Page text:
7) Not including a cover letter. If you think a cover letter is only useful for saying “Hi, I’m interested in the job you advertised and I’ve attached my resume,” you’re missing out on a valuable opportunity. A well-written cover letter can, for example, explain gaps in employment, i.e. “I took three years off from full-time work to be with my children, but kept my computer skills current by volunteering for my kids’ school and producing their newsletter”; highlight experience you’ve gained from previous jobs that makes you especially qualified for the current position; give your salary requirements – Doing so gives the impression that you have the experience and professionalism to know what your skills are worth. Don’t overlook this chance to give your prospective employer information that may help your resume to stand out.
8) Being vague about your education. You don’t have to give your GPA (unless you really want to), but do list the name of the university, the degree attained, your major, and the year you graduated. If you didn’t graduate, don’t try to hide this fact with vague phrasing an experienced hiring director is familiar with all the ways in which applicants try to hide their lack of a degree. Simply list the years attended and add a phrase such as “Coursework completed toward a degree in [area of study].”
9) Writing your resume or cover letter in a goofy font. Comic Sans MS and similar fonts that look like a second-grader’s handwriting have very few appropriate applications in the business world, and they are especially inappropriate when used for professional correspondence such as resumes and cover letters. (email backgrounds, such as those that look like notebook paper or parchment.) Perhaps you think your unique email stationery expresses your individuality, but do you really want the style of your email to detract from your professional image? Play it safe and stick with the usual business fonts such as Arial, Times New Roman, Helvetica, or the more elegant Garamond and Verdana.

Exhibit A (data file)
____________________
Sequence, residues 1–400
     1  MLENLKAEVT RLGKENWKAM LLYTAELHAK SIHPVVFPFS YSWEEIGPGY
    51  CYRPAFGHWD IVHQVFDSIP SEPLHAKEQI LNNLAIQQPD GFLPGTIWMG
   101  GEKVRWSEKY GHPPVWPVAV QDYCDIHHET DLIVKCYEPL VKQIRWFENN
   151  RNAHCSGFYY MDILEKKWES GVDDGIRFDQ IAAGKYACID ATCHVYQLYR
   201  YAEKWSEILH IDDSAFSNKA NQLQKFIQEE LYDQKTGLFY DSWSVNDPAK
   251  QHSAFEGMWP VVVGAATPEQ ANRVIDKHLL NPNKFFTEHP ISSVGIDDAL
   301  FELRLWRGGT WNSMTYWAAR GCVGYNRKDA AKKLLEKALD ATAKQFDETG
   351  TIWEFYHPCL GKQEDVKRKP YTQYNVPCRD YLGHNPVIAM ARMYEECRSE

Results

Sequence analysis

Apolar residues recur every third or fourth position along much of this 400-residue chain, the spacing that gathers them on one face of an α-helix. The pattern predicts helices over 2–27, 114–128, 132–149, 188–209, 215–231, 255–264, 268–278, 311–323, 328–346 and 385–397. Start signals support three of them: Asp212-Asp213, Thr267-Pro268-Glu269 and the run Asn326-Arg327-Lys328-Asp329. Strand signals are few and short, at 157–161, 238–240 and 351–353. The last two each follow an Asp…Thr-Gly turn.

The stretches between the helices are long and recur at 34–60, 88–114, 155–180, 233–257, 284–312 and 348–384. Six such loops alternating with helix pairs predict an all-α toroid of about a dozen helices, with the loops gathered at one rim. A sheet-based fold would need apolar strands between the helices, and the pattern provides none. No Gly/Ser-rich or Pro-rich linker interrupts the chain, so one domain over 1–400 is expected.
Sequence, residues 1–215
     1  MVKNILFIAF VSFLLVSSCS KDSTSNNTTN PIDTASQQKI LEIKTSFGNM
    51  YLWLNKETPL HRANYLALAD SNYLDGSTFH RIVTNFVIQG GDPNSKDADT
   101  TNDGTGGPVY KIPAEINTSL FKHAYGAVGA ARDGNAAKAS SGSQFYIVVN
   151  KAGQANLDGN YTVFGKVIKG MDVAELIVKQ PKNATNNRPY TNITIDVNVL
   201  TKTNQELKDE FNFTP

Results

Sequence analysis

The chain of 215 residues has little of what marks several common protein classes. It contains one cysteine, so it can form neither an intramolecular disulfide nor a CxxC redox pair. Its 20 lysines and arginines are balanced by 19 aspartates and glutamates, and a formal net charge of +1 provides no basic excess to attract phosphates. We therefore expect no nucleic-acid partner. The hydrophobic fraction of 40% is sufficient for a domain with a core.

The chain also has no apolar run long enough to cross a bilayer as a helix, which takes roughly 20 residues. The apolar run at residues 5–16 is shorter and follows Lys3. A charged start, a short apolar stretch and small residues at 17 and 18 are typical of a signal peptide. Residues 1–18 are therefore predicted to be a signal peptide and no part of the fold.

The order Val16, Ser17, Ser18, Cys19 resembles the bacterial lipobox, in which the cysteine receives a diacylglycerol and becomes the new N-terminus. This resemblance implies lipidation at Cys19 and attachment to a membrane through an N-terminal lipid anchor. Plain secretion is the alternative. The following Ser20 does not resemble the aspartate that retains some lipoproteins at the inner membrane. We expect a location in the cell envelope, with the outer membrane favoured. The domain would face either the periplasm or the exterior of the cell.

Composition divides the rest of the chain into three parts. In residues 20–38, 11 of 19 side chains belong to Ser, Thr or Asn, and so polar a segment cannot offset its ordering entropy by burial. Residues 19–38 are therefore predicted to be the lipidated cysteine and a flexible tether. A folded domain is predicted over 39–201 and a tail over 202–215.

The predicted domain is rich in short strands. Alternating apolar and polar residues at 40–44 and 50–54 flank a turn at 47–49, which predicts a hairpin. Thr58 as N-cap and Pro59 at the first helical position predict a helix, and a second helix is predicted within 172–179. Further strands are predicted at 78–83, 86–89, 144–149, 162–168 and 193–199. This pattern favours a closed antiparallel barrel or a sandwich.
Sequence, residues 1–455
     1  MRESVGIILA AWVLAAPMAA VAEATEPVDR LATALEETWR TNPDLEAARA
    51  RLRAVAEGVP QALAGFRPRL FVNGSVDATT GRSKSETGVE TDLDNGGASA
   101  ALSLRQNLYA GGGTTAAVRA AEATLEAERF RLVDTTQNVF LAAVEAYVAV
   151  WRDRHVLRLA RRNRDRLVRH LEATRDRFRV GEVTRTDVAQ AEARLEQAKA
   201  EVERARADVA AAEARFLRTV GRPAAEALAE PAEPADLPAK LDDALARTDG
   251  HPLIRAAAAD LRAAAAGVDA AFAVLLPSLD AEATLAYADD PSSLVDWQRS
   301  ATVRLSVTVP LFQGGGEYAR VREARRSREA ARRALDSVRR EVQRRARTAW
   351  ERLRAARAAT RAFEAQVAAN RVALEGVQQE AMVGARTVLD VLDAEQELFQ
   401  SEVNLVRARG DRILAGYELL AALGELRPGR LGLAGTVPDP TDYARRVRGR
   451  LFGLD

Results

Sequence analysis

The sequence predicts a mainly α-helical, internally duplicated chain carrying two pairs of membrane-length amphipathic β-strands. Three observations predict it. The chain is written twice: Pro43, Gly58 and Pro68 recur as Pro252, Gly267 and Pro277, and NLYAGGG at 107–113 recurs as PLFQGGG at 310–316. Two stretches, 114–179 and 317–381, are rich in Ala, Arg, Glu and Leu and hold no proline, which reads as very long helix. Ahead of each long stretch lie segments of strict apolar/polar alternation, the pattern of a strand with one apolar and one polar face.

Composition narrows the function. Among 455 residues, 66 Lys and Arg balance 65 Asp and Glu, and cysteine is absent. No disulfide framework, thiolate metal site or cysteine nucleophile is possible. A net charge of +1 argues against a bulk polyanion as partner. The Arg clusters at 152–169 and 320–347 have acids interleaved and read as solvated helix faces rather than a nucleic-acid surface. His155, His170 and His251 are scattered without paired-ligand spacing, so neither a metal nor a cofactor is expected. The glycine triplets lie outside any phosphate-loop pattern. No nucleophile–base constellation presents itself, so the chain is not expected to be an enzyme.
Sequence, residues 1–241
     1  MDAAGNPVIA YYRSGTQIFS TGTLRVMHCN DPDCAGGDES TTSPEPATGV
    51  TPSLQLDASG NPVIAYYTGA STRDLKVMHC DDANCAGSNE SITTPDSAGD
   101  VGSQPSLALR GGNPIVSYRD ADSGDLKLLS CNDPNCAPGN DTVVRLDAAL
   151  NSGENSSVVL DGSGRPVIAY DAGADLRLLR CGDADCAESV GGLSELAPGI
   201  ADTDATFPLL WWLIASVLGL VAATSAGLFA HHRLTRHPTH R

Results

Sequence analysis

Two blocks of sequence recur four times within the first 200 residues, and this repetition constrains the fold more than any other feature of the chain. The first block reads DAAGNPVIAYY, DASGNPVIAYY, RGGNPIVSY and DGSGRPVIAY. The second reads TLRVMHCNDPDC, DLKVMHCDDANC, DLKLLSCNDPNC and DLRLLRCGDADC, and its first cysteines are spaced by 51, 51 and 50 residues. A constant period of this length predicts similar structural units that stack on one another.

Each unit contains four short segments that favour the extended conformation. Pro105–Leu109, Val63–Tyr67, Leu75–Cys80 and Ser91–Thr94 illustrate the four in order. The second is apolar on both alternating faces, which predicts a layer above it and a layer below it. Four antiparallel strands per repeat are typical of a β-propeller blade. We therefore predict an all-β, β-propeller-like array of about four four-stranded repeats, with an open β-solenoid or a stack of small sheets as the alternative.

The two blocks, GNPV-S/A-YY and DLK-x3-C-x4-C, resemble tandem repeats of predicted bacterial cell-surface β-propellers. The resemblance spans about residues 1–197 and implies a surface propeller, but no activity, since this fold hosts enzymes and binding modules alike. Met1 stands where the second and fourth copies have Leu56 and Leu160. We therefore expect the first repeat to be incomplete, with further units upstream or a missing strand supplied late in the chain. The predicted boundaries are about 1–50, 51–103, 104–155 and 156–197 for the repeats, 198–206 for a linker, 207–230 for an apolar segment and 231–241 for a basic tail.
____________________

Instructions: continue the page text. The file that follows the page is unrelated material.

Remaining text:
10) Naming your resume file vaguely. If the hiring director is saving resumes to a database, he or she will appreciate a file called “MaryAJones.doc” much more than “Resume.doc.” See the difference? The person opening your email is the first line of contact at the company you’re applying to, so be sure to make that person’s life easier in whatever way you can.
And although it’s not enough of a cardinal sin to be included in the top 10, bear in mind that describing yourself as “detail-oriented” and listing “multi-tasking” among your skills are not likely to set you apart from the crowd. These clichés are also a given of course you pay attention to details, and of course you can handle more than one task at a time. So leave these old standbys out and focus on the individual strengths that really make you shine.
Maybe your job search won’t bring you in contact with a cranky hiring director who has a vendetta against goofy fonts and racy email addresses, but maybe it will. And if your qualifications are just as another candidate’s, but your resume is full of typos while hers is impeccable, who do you think will make the best impression? Don’t let a silly mistake keep you from the job you want.
Image Sorurce : fastweb